A Closer Look At Black Soap for Skin Care

eResearch spotlight on the use of African black soap in skin care

Skin Research Spotlight: "Discovering Black Soap: A Survey on the Attitudes and Practices of Black Soap Users"


Black Soap History 

Already well-known throughout African cultures, and emerging as the new cure-all for acne and breakouts in America, African black soap is a powerful cosmetic remedy. Composed of ingredients such as cocoa pods and palm oil, black soap claims to moisturize and soothe the skin.


Black Soap Study

Though popular internationally, researchers sought to study black soap’s effect on the skin in a recent study.[1] In the study, researchers surveyed 100 black soap users about their reasons for using black soap. While the primary reason for the product’s use was for helping with acne, many reported using black soap for dark spots, razor bumps, eczema, and fine lines. The vast majority of the black soap users reported that they were satisfied with black soap being helpful for their skin conditions. The study found that black soap was reported to be most helpful for acne and least helpful for eczema.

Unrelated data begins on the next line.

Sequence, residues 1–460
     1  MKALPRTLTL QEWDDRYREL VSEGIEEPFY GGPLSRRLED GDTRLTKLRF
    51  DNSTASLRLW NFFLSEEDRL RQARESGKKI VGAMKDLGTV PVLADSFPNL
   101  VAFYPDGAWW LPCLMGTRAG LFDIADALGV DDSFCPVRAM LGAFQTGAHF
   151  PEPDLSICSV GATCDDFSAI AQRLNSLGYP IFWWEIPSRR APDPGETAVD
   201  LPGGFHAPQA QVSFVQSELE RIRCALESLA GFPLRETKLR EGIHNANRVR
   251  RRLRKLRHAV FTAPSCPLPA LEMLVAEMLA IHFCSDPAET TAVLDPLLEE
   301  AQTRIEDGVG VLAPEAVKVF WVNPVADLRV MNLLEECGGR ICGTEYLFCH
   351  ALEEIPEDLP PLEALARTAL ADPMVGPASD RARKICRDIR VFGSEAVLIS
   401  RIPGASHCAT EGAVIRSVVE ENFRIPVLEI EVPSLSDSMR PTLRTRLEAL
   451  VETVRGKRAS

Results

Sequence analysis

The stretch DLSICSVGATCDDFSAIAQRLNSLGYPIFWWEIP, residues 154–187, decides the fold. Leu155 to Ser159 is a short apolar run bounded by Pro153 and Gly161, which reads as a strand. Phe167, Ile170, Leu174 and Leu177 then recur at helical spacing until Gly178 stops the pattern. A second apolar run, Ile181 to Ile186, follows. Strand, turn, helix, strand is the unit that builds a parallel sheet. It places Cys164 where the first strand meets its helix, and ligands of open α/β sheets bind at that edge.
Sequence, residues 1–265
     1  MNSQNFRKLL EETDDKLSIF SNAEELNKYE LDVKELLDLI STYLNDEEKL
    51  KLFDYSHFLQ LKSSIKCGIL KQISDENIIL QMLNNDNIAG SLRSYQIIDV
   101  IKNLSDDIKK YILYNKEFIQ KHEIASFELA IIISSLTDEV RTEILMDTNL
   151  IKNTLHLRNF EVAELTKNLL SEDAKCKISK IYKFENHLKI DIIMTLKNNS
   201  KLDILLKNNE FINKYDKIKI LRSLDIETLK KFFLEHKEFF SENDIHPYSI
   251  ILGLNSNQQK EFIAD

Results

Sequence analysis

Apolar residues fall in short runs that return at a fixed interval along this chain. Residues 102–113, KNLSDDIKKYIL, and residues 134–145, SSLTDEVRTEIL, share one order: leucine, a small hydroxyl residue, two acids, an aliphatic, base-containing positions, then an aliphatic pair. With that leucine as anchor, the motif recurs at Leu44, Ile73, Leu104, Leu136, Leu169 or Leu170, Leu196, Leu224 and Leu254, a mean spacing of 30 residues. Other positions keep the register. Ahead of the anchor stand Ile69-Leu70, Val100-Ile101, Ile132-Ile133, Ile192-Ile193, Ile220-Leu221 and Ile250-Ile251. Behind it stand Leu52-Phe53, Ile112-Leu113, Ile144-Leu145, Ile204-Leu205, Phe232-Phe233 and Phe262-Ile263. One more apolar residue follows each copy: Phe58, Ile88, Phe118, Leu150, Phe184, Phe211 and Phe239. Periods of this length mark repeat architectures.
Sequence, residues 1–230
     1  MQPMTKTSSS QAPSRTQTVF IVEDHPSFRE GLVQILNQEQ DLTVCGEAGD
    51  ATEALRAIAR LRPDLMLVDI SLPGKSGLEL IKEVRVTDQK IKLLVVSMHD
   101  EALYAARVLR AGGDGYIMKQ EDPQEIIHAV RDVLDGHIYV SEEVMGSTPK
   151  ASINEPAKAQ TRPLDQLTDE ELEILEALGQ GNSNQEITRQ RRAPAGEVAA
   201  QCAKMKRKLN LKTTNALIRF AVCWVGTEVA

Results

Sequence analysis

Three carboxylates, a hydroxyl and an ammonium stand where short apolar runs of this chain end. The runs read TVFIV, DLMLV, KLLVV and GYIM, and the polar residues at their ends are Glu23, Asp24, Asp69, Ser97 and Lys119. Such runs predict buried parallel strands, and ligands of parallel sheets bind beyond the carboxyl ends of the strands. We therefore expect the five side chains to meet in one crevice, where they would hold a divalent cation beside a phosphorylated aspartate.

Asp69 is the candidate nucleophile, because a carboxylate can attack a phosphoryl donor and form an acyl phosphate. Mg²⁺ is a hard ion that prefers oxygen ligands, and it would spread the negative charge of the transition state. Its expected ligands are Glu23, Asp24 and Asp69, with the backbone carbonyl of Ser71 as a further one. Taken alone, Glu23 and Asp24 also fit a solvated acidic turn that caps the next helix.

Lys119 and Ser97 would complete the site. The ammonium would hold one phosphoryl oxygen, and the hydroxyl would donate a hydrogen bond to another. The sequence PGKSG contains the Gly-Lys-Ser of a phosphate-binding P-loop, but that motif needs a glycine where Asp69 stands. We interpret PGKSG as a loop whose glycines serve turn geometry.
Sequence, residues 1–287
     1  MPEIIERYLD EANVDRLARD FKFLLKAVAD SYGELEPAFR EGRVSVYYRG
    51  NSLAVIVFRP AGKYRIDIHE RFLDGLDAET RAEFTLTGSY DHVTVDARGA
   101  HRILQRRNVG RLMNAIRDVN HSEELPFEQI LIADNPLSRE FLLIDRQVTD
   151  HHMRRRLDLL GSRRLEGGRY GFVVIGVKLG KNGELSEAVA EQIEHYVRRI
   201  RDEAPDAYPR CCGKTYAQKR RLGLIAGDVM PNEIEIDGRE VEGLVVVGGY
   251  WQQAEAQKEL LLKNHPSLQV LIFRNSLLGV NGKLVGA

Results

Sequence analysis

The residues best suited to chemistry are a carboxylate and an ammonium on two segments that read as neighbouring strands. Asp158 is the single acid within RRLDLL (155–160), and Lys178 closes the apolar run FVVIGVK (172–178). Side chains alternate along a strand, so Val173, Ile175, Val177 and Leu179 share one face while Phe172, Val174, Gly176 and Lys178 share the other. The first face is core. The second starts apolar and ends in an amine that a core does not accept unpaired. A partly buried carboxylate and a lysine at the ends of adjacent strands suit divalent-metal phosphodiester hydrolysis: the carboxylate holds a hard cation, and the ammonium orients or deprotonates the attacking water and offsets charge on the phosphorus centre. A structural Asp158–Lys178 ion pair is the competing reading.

Black soap is becoming widespread among age groups and different countries, and the study’s results suggest that the product is highly liked by its users. More research is needed to explore black soap’s effects on the skin. However, for those in search of a new product for their skin, this all-natural soap may be a welcome addition to your skin care regimen. 

* This Website is for general skin beauty, wellness, and health information only. This Website is not to be used as a substitute for medical advice, diagnosis or treatment of any health condition or problem. The information provided on this Website should never be used to disregard, delay, or refuse treatment or advice from a physician or a qualified health provider.


  1. Lin A, Nabatian A, Halverstam CP. Discovering Black Soap: A Survey on the Attitudes and Practices of Black Soap Users. J Clin Aesthet Dermatol.2017;10(7):18-22; PMID: 29104719 Link to research.